Romani Children

Children who start behind, stay behind. We can prevent Romani and Traveller children entering the cycle of poverty and social exclusion by providing with quality and equitable early childhood services at birth and by strengthening the professionalism of the early childhood development (ECD) workforce.

The first three years of a child’s life are the most critical in their development. Poverty irreversibly hinders children’s brain development and increases the chances of developing a disability. Children from disadvantaged backgrounds are more likely to lag behind in their education and, later in life, as adults. [1]

We can change this

First, decision makers should focus more on preschool education. Most children, regardless of their ethnic background, do not have access to services in their early years. Typically, attention in policy measures is paid only to the one or two years of preschool prior to the start of mandatory schooling.

Second, reaching the EU Barcelona targets. In the 2002 Barcelona targets, the Council of the European Union has set the minimum goals for childcare provision: at least 90% of children three-to-mandatory-school-age and at least 33% of children under three should have benefited from formal childcare by 2010. An assessment of the Barcelona targets for child care provision (Council of the EU 2010 and 2011) revealed that countries were not meeting expectations, particularly for birth-to-three year-olds.[2] For those children, in eight EU countries, the levels of enrollment are below 10%, in four more it remains below 20% and seven more are still below the target of 33%.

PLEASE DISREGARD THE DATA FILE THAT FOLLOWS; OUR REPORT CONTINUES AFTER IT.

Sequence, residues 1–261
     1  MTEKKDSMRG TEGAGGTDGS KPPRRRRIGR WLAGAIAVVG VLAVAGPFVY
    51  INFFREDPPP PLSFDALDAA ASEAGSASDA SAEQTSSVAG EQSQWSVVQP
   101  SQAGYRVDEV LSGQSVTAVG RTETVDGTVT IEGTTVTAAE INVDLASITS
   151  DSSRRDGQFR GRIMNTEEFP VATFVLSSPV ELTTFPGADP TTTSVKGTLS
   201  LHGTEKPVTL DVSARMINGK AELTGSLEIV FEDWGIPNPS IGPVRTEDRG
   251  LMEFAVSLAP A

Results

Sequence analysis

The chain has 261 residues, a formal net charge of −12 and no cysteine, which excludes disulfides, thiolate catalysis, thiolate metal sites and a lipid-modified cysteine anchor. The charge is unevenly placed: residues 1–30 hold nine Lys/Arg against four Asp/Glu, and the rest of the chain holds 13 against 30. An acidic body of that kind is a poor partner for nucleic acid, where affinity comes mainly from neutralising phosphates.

Three, more Romani and Traveller practitioners entering child education and care. Currently, there are very few Roma and Travellers working as ECD professionals or paraprofessionals, with many of them working in services provided by non-governmental organizations. Access and the quality of services can also be increased by ensuring more diversity in the workforce and including more Roma and Travellers in the ECD workforce, alongside other groups from the wider society. This way the diversity of the workforce can truly reflect the diversity of the population.


[1] European Commission, 2011. EQUALSOC Network, 2011.
[2] European Commission (2013). Barcelona Objectives. The development of childcare facilities for young children in Europe with a view to sustainable and inclusive growth. DG Justice. ISBN 978-92-79-29898-1, doi:10.2838/43161.